President Muhammadu Buhari has called for a stronger international mechanism to enable the speedy recovery of government assets that have been embezzled by individuals.

The President noted that there was a compelling need to strengthen international cooperation in the global effort to curtail the menace of Illicit financial flows as current international mechanisms are not strong enough to address the menace.

This was stated in a speech delivered on his behalf by Vice President Yemi Osinbajo (SAN), Thursday, at the Financial Accountability, Transparency, and Integrity (FACTI) Panel Video Conference, organized on the sidelines of the ongoing United Nations General Assembly (UNGA). The session also featured presentations by the immediate past President of the United Nations General Assembly, Prof. Tijjani Muhammad-Bande, and Amb. Mona Jul of the Economic and Social Council (ECOSOC).

The President said, “The current international mechanisms for asset recovery are not good enough as can be seen in the amounts lost to illicit financial flows and the length of time taken before the repatriation of just a small fraction is made. The FACTI Panel report can play an important role in bridging the expectations of source and destination countries as well as in harmonizing the process of assets recovery and return.”

Speaking on the approach to promote equity and help achieve economic growth, President Buhari said, “We agree with the Panel on the importance of having a balanced approach that reflects the situation in different regions and the priorities of different stakeholders. I believe that for the global aspiration to recover better from the impact of the pandemics and to yield any inclusive result, we must comprehensively address existing structures that make it impossible for countries to generate and retain a sizeable chunk of their resources. The success of the FACTI panel’s final report will be measured by the clarity of its recommendations in support of global governance reforms.”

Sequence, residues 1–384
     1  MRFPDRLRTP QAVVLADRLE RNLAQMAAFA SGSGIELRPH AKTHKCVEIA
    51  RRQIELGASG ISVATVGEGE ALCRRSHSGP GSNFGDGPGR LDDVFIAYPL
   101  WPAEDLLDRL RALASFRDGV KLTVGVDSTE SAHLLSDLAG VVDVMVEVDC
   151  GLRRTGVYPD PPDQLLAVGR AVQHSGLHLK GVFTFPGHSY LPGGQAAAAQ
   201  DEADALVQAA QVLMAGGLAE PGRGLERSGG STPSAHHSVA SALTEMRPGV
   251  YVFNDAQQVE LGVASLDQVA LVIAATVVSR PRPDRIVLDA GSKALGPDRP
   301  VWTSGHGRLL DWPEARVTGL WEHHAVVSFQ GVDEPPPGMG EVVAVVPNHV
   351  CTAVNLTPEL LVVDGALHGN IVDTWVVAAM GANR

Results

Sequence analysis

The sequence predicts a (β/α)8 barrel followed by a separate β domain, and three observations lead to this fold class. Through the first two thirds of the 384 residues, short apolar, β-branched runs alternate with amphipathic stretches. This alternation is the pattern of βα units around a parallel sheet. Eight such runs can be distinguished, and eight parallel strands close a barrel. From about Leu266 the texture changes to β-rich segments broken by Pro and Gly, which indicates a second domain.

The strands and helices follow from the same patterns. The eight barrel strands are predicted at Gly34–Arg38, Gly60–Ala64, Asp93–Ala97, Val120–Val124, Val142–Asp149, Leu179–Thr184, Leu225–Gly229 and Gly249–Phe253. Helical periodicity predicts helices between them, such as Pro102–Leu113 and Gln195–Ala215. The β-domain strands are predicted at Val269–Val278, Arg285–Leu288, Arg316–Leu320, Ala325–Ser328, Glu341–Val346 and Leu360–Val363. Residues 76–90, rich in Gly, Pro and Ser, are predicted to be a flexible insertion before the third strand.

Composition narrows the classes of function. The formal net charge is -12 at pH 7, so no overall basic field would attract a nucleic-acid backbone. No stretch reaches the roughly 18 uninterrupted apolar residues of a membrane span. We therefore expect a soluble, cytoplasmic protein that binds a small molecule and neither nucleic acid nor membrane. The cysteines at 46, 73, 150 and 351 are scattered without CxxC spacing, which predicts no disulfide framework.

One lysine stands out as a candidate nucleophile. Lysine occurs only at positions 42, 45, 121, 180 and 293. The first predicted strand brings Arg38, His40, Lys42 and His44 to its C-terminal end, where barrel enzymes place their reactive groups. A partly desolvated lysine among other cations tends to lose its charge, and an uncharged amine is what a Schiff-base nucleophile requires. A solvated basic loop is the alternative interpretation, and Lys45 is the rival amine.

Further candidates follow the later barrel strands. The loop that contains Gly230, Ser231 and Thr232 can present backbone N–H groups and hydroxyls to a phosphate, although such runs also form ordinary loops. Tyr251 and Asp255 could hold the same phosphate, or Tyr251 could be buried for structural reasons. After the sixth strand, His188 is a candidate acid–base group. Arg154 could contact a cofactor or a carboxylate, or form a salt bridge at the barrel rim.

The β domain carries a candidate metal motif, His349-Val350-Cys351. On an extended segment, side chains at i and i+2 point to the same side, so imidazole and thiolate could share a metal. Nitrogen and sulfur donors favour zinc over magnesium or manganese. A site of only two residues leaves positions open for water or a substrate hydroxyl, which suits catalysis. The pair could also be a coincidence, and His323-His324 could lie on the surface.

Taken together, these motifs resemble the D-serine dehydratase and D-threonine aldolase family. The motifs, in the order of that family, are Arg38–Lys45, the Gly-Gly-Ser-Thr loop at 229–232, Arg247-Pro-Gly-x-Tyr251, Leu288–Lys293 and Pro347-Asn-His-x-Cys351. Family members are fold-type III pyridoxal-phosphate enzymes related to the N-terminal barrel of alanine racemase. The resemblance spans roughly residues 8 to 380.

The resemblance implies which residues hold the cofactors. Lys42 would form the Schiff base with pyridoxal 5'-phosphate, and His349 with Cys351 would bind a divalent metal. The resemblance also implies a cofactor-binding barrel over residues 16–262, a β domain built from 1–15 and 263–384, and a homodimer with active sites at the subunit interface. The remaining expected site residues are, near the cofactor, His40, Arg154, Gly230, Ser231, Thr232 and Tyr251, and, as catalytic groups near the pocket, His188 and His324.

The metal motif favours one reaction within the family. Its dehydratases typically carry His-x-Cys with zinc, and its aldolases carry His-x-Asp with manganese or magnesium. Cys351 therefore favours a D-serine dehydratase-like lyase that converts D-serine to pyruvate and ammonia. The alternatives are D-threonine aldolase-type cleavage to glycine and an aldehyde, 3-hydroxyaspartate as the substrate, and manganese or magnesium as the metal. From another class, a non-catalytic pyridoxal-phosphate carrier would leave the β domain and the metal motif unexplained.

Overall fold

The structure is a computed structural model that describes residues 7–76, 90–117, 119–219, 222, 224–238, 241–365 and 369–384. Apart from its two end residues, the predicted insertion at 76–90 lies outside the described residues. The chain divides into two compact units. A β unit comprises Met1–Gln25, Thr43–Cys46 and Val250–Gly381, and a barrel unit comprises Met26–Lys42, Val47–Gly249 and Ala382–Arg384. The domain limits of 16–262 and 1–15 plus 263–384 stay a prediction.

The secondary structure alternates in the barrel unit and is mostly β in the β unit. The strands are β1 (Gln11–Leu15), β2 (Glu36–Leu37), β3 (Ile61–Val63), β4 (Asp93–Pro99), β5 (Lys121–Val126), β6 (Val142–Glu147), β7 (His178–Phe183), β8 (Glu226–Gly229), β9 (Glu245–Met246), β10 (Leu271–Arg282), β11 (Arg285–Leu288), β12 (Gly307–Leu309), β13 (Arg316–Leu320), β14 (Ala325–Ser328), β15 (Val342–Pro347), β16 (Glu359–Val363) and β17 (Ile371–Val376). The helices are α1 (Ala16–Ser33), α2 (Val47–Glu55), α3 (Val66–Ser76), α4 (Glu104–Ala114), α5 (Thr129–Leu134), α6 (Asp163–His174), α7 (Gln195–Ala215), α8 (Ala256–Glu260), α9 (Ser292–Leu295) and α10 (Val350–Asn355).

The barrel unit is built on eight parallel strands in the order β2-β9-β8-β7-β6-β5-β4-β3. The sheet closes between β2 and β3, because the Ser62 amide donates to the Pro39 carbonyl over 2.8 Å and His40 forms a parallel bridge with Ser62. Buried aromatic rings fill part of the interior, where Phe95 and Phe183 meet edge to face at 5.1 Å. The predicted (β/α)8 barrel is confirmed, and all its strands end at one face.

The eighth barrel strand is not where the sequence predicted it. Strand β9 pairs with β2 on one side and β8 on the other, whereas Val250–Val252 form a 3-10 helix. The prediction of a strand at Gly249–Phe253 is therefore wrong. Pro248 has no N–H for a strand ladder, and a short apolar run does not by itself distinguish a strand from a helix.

Justifying the call for an urgent overhaul of the global system, the President said, “Evidence suggests that the contemporary international tax system uses a taxing rights regime that is not fit for purpose, as it makes combating tax abuses, especially by multinational corporations, difficult for most developing countries.”

He explained further, “It is my hope that the final report of the FACTI Panel would introduce proposals that would lead us towards a fairer international tax regime. I also hope that the report would contain proposals that would address the continuing advocacy for country-by-country reporting, open disclosure, and automatic exchange of information on beneficial ownership, as well as eliminate financial secrecy jurisdictions and tax havens that facilitate base erosion and profit shifting. Profit shifting, harmful tax competition (the so-called “race to the bottom”), and the taxation of the digital economy should also receive adequate attention and focus in the report of the Panel.”

Emphasizing the point about the dangers posed by the illicit financial flows and how the Panel’s work can be useful, the President said the problem will be best addressed internationally.

He said, “FACTI Panel’s report should assess how effectively we are meeting our commitments to combating the scourge and strengthening cooperation in dispute settlement and peer learning, particularly in assets recovery and return.”

The event which brought together FACTI Panel chairs and high-level representatives from member states was convened to present the interim report of the FACTI Panel which identified the major gaps in the implementation of the existing international frameworks for tax cooperation, anti-corruption, and anti-money laundering.

Other leaders who spoke at the forum include the Prime Minister of Norway, Erna Solberg; the Prime Minister of Pakistan, Imran Ahmed Khan Niazi; Former President of Lithuania, and FACTI Panel Co-Chair, Dalia Grybauskaite; and Ibrahim Mayaki, former Prime Minister of Niger and FACTI Panel Co-Chair.


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